During the first phase of the initiative, which began on Oct. 11, students were encouraged to join the ChallengeSlavery.org online community to participate in discussion groups on various trafficking subtopics, host online conversations, and crowd-source issues that will frame the problems to be addressed in the next phase.

The contest phase, which concludes Jan. 31, is open for applications from U.S. and international students proposing innovative technological solutions to advance trafficking-in-persons prevention and protection. After the contest closes, the ChallengeSlavery.org community will be invited to rate the proposals received and provide suggestions on how submissions can be improved.

Early in the month of March, USAID will announce the semifinalists and in the following three weeks, semifinalist proposals will be judged by an expert C-TIP and technologist panel. One first-place prize of $5,000 and one or more $2,500 runner-up prizes will be awarded to the top entries. The winners will be announced at the end of March and will be invited to share their proposals with donors, C-TIP and technology professionals.

USAID said it is partnering with Not for Sale, Slavery Footprint, Free the Slaves, MTV Exit, and Abolition International on this project to maximize efforts and inspire millions of people already working on the issue and invite new activists to the cause, ultimately, strengthening the movement to return freedom to the millions of people robbed of their dignity every day.

Associate Director, Marketing & Communication, Educational Outreach & Student Services

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Alumni Association to honor military heroes, university innovators at Founders' Day event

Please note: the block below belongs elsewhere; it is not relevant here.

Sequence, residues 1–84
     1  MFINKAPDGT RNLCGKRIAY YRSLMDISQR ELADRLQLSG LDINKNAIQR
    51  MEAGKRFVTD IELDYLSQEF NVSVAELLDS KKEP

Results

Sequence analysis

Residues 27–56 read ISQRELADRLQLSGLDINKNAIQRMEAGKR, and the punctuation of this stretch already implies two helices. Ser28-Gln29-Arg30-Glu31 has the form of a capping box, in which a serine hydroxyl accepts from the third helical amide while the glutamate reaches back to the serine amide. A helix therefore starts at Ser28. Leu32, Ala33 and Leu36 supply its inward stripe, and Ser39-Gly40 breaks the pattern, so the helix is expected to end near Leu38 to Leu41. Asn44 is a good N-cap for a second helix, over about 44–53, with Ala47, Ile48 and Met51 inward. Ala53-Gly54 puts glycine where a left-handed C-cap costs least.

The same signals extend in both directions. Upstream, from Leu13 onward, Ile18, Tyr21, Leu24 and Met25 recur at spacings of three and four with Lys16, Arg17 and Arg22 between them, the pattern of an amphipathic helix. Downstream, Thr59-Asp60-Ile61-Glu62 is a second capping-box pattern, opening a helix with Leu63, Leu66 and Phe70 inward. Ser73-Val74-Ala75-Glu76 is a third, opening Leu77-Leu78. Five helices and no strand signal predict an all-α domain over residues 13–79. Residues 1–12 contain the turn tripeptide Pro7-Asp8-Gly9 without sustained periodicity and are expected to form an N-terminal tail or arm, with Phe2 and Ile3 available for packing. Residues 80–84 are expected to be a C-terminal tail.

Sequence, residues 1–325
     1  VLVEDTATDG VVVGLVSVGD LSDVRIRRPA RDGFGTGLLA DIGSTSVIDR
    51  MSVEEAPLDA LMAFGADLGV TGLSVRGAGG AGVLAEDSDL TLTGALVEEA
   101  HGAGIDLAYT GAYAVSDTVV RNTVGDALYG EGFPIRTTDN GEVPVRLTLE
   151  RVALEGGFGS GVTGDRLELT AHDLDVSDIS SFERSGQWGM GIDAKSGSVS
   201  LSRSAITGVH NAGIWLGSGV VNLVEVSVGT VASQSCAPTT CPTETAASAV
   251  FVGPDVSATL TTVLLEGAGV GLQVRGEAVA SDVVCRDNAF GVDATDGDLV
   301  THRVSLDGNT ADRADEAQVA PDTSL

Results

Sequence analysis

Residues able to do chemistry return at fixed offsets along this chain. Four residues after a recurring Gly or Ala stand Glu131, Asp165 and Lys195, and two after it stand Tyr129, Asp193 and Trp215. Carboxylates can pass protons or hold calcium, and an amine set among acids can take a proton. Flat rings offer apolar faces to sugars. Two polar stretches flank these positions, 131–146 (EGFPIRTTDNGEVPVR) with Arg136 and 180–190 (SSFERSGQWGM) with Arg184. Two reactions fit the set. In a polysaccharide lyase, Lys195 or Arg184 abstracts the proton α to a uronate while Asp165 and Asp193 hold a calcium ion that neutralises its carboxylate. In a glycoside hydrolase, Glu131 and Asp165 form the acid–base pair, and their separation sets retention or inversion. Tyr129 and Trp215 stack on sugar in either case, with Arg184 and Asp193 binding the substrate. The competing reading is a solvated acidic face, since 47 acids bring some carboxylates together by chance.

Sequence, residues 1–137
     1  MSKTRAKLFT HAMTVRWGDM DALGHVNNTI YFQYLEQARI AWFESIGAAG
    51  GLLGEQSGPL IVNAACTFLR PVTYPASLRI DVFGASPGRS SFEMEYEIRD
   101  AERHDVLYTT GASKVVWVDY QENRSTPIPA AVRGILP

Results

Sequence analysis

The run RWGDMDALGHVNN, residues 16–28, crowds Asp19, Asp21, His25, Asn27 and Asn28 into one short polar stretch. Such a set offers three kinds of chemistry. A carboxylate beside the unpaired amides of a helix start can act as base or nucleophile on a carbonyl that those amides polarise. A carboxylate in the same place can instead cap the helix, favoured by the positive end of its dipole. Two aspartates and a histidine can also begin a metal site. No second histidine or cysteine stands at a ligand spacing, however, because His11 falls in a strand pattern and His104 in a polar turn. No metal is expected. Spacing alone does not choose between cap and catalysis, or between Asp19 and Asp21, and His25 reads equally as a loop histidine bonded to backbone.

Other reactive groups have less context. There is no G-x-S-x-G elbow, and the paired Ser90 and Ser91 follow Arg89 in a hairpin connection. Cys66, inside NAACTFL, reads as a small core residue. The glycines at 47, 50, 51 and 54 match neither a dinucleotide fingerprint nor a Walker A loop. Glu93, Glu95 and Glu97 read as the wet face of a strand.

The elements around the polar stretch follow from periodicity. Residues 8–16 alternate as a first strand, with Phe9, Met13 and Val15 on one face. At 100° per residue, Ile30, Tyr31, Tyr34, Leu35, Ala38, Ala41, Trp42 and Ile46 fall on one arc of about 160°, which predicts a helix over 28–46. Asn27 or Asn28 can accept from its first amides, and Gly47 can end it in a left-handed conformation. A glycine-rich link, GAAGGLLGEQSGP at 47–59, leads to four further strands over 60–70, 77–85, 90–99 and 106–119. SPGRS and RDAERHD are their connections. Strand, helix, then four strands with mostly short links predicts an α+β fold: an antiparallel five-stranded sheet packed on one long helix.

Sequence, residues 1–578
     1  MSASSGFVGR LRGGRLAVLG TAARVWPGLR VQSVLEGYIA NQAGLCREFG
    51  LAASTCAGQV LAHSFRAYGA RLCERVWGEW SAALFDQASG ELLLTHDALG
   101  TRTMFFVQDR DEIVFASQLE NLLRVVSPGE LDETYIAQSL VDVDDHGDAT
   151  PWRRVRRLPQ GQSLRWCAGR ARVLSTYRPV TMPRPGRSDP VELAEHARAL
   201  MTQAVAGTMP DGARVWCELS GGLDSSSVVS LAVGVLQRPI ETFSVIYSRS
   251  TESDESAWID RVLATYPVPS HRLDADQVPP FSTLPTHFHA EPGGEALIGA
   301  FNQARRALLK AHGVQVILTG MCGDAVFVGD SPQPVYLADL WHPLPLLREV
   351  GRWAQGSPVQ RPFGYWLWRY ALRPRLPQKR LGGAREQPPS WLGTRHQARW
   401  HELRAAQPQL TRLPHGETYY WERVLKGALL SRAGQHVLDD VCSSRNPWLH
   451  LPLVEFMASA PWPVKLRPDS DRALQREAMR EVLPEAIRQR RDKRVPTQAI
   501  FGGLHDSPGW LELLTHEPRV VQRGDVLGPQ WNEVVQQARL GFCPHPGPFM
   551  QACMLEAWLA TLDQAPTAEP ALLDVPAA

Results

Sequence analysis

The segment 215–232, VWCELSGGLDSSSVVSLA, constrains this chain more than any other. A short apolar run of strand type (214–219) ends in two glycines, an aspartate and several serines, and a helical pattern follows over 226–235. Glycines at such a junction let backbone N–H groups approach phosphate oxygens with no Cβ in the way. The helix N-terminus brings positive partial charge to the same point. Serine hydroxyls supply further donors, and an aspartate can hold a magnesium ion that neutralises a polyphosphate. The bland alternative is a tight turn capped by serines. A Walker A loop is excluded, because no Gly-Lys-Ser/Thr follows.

January 7, 2013

The Arizona State University Alumni Association will honor outstanding faculty members and alumni who have contributed to the military or the security of the nation, including the late Pat Tillman, at its annual Founders’ Day Awards Dinner, slated for 6 p.m., Feb. 21, at the Arizona Biltmore Resort & Spa, 2400 E. Missouri Ave., Phoenix.

The award ceremony has been a signature event for the university for decades, and honors individuals who exemplify the spirit of the founders of the Territorial Normal School of Arizona, ASU’s predecessor institution, which received its charter from the Thirteenth Territorial Legislature on March 7, 1885. Download Full Image

This year, the event will focus on stories of success and growth from alumni who have served or are currently serving in the U.S. military, as well as ASU faculty, staff and supporters who are leading projects across the university that contribute to the efforts of the military, national defense and veteran services. Pat Tillman, the ASU and Arizona Cardinals football legend killed who served in the U.S. Army in 2004, will be honored posthumously with the James W. Creaseman Award of Excellence. The event will feature some of the highest ranking Sun Devil military officials from each branch of the armed forces, generous contributors to campus military and veteran services, information on cutting-edge defense research being conducted by ASU faculty members, and stories of military service from ASU staff.

With a history that dates back to 1964, Founders’ Day attracts attendees that include university administrators, faculty, and local business community leaders. Past award recipients have included Phil Mickelson, the Honorable Ruth McGregor, Congressman Ed Pastor, former Tempe Mayor Neil Giuliano, Craig Weatherup, Reggie Jackson, Heather Farr, Marty Shultz, the classes of 1956 through 1959 that worked diligently on the campaign to ensure ASU achieved University status, and those who are working each day to solve environmental and societal issues.

Tickets to the Founders’ Day event are $130 for Alumni Association members and $175 for nonmembers. Table and corporate sponsorship opportunities are available. For additional information about Founders’ Day, or to RSVP, visit http://alumni.asu.edu/events/founders-day.